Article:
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Earnestly Trying to Find common ground

The Assembly of God’s CEO, George O. Wood, addressed hundreds of BYU students and Elder Jeffrey R. Holland of the  “the Quorum of the Twelve Apostles” Apostles on Monday. A recent push by the Quorum of the Twelve to promote religious freedom has led to much interfaith discussion and many opportunities, including this second lecture of the Faith.

[Excerpts] October 3, 2013

BYU Newspaper reports

 The paper reports that the Quorum of the Twelve sponsored the lecture for its Faith, Family, and Society series:

A recent push by the Quorum of the Twelve to promote religious freedom has led to much interfaith discussion and many opportunities, including this second lecture of the Faith, Family, and Society series.

Before Wood took the stage, Professor Andrew Skinner, of the Department of Ancient Scripture, introduced Wood as a man of incredible faith and devotion.

“You can feel the Spirit of God with him when you shake his hand,” Skinner said.

Wood shared his lifelong spiritual journey and ministry as a member of the Assembly of God. He gave a brief history of the Assembly of Gods origin in the early 1900s, including the receiving of the gift of tongues. He spent time drawing parallels between Latter-day Saints and the Assembly of God.

“Like the LDS we were a very marginalized minority, and even persecuted,” Wood said. “We had preachers that were tarred and feathered and driven out of town because we had this experience that others didnt understand.”

Elder Holland sat on the stage, listening intently and laughing at the humorous and touching experiences Wood shared.

Wood spoke of an experience he had two years earlier with Elder Holland at a conference in Utah. In response to a question from Wood, Elder Holland expressed that his greatest worry about the young generation was that they would grow coarse to the values and principles taught by Jesus Christ.

“His response immediately bonded my heart to him,” Wood said. “Any Assembly of God preacher could say the same thing. We just absolutely share that in common.”

Wood expressed that the Assembly of Gods 66 million members test out their faith just like Latter-day Saints do. He urged the audience to seek a strong faith through diligent study of the scriptures.

“The question for me in college became, Is experience enough to carry me through?” Wood said. “I had to have a stronger, intellectual foundation for my faith.”

Wood showed that God is playing a role in all religions and that Christians are more united than they sometimes think.

“The whole aspect of the Christian faith, and my personal faith, rests upon whether or not Jesus Christ rose again from the dead,” Wood said.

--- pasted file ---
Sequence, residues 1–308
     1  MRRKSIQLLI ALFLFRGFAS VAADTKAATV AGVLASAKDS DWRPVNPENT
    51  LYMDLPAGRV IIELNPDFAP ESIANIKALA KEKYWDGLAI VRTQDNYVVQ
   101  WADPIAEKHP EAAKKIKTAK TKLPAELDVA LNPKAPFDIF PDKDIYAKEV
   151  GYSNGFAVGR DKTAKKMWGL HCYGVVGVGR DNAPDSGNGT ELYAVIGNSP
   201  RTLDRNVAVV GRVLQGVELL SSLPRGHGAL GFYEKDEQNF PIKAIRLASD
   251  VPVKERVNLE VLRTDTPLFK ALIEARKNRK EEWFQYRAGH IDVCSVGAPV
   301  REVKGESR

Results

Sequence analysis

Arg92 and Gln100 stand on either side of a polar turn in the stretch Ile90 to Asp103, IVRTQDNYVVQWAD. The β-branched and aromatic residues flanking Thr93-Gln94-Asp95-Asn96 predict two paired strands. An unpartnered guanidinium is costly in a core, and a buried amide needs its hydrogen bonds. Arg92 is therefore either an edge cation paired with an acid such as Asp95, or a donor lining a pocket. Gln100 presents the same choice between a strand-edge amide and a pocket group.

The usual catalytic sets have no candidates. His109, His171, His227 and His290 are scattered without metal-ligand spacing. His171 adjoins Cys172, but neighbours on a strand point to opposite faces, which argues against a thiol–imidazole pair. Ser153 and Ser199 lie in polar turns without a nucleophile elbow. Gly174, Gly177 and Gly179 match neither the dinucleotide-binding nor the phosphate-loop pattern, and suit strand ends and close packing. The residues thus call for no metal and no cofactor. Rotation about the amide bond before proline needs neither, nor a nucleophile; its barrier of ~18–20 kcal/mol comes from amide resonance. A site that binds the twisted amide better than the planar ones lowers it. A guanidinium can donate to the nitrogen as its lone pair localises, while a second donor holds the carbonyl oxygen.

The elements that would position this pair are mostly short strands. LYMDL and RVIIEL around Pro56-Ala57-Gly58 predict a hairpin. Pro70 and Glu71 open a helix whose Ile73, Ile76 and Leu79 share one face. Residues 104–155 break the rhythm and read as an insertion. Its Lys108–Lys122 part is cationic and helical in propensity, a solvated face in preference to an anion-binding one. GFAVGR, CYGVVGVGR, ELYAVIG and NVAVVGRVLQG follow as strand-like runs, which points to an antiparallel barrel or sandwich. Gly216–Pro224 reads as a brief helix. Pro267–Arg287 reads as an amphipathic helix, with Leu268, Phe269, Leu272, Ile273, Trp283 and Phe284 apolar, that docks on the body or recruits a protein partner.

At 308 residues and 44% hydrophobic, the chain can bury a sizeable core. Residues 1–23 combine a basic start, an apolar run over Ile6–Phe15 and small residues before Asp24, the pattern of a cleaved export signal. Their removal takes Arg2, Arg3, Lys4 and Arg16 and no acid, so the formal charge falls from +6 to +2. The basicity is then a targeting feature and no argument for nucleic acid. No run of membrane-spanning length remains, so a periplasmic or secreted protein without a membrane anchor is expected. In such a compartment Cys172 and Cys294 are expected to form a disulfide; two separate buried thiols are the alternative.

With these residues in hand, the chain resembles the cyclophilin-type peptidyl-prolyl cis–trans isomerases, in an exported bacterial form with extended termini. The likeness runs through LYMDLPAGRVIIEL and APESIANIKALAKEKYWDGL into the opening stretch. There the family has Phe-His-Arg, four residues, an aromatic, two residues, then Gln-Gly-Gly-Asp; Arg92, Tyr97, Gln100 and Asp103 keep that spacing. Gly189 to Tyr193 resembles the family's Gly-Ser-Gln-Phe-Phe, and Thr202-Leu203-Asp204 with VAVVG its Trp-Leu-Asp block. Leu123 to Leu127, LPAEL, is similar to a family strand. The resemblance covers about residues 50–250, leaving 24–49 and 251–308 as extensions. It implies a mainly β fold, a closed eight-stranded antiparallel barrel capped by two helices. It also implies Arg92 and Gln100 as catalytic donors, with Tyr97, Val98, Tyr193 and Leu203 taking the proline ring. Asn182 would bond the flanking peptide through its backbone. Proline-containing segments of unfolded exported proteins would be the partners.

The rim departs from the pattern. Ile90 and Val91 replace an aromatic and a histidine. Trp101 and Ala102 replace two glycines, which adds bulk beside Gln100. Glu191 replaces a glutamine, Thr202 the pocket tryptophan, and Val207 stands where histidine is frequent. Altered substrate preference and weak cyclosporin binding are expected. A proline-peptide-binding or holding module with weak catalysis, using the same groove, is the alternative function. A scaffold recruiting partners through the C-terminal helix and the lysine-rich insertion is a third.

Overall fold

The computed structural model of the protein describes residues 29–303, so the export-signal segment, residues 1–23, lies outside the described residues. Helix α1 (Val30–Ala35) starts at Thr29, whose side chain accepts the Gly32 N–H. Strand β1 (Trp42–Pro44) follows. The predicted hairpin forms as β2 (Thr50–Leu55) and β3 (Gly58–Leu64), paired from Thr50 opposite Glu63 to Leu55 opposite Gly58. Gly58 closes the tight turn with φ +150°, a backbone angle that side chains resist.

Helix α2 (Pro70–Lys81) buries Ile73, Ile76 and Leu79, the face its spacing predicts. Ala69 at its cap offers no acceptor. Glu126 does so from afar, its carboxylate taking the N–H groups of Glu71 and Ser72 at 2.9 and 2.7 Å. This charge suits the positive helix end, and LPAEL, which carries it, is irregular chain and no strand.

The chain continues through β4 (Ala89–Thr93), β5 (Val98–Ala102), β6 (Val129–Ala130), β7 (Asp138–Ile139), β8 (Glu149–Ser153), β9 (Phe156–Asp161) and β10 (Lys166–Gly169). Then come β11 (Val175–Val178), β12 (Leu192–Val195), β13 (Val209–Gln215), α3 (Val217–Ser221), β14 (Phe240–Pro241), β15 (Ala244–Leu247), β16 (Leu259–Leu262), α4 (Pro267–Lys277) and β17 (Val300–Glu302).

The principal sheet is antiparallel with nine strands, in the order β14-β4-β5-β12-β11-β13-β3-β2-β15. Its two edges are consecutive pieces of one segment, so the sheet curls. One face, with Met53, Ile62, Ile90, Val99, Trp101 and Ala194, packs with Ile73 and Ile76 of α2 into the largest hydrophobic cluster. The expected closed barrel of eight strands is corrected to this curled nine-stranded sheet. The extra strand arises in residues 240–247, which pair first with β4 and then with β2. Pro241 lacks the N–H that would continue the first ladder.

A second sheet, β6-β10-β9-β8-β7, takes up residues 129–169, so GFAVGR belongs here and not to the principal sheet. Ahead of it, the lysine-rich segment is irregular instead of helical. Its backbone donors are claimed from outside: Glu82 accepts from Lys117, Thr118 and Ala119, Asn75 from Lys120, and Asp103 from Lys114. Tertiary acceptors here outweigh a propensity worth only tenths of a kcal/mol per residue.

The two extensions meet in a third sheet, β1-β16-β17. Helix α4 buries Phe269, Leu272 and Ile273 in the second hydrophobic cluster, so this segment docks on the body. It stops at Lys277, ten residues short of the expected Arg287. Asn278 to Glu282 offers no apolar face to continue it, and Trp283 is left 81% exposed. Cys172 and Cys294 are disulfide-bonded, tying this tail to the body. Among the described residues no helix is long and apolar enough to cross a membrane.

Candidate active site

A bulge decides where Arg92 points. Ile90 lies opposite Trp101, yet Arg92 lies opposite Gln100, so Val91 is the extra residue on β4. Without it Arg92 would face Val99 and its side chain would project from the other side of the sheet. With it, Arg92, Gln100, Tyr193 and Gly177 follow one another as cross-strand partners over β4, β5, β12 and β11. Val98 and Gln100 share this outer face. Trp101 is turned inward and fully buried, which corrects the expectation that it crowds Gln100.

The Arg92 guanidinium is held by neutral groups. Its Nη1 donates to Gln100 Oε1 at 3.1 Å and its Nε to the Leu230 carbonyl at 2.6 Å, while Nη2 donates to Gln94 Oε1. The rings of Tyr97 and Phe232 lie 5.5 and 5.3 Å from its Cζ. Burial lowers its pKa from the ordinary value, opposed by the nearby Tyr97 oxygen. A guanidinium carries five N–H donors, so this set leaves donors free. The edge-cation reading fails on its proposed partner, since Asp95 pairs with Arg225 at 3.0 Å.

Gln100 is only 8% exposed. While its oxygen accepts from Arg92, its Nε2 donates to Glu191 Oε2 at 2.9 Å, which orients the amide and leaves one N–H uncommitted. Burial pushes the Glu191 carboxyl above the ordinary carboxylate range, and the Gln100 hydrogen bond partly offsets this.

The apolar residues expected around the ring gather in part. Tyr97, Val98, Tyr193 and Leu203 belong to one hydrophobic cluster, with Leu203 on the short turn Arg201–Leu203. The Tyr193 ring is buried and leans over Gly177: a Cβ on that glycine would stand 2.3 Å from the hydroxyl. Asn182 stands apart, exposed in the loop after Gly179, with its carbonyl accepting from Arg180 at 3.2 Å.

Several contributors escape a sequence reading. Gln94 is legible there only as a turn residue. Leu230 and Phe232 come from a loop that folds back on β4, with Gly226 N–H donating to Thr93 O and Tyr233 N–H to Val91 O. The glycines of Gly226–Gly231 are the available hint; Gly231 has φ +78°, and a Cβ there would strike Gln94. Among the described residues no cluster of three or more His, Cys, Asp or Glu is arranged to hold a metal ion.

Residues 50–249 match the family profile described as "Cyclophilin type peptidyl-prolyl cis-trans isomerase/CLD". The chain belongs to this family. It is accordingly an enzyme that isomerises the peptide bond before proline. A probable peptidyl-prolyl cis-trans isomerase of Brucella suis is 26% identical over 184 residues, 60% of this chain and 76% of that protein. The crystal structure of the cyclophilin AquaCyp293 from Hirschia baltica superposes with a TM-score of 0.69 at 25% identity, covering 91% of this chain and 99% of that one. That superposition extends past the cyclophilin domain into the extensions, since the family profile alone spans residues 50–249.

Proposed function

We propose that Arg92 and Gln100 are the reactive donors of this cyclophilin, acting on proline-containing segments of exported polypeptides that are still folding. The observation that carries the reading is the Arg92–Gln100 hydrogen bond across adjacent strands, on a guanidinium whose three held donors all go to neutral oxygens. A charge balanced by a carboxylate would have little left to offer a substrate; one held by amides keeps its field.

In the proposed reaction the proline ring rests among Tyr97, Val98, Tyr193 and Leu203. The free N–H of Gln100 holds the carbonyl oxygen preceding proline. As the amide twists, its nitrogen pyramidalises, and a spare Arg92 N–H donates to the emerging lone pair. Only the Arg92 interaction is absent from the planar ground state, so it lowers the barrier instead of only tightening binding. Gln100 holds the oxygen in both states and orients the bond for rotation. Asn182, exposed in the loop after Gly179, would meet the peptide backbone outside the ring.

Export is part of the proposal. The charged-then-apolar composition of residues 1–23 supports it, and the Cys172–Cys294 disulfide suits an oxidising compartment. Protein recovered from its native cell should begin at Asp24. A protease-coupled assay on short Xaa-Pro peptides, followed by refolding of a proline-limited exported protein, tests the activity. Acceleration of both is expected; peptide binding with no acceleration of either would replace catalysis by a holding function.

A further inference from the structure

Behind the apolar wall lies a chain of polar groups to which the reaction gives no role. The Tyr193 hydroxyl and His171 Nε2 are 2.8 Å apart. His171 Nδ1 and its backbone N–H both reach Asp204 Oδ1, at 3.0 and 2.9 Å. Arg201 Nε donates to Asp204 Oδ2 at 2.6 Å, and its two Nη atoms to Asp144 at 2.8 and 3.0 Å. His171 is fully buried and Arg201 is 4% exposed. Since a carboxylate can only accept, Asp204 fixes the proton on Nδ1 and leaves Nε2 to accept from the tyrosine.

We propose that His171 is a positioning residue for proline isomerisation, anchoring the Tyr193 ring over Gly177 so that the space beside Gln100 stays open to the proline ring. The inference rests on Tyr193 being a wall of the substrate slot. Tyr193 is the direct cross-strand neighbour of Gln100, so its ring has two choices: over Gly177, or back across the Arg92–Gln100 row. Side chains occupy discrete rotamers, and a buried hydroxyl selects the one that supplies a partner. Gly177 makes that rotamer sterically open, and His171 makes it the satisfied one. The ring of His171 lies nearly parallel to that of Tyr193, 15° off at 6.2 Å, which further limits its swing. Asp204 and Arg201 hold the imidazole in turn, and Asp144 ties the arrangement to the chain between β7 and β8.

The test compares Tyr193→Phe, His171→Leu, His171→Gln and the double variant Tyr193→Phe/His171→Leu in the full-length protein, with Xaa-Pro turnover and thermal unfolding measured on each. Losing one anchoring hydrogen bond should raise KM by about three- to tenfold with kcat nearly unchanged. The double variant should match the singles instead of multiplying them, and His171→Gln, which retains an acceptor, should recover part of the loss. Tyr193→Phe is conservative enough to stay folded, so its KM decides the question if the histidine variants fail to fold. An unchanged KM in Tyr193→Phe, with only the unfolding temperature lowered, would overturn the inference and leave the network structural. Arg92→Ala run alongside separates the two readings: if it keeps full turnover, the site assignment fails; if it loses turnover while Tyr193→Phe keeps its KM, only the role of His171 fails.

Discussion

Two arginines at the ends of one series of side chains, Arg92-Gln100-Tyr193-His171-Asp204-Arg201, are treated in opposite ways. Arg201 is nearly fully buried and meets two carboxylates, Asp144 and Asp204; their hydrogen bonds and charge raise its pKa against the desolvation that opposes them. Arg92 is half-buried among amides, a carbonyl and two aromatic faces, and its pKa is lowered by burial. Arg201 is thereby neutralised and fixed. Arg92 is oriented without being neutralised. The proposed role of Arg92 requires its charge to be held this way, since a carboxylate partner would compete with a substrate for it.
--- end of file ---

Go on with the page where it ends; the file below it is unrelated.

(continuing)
Not something a Mormon would have any disagreement on.  Actually the Bible makes an equal requirement of who Jesus is. Because saying Jesus, whom is a brother of Lucifer, a created being rose from the dead means nothing.

Mormons say “We believe that only through Christ, we are saved.” Which Christ and what are mechanics of this, doctrine matters. Christ on the cross dying for all sins meaning by grace we are saved through faith? (1 Cor.15:1-4) Or Christ made the way fro us to be saved by the requirements we l are to continually live by via the Mormon church, its gospel.

In the same manner Ravi Zacharias addressed Mormons, Wood stands in an ongoing tradition of building a bridge towards them. To suggest to examine themselves by Scripture does not mean the Bible only to a Mormon but then Woods is not equipped to know this and address the matter correctly.

To make a parallel between Latter-day Saints and the Assembly of God as a marginalized minority because of experiences going back to Asuza st. revival would be incongruous. Woods is finding anything he can to make this relative to them both. Methinks you are trying too hard!

So we have AOG softening their position on Catholics, recently the Assemblies of God “Believe” Conference, leadership brought in New Age Contemplative key player Ruth Haley Barton. As they progress down this road its only natural to befriend the Mormon church that so wants the conflict to end and be accepted.

Mormons say there are differences in what we believe, but that we should overlook them for doing good.  This is the definition and application of ecumenism, the spirit of the age that is bringing spiritual strangers together. The same is taking place with Roman Catholicism. And when this is all said and done we will see mystery Babylon built by the modern church and doctrine will be secondary to the works we will do together. After all they will find more to agree on than to separate on. And as the world becomes more corrupt moral unity will be welcomed as the solution no matter what one believes. Unknown to those who embrace this solution that they now become part of the problem of spiritually corrupting themselves. Clearly ironic.


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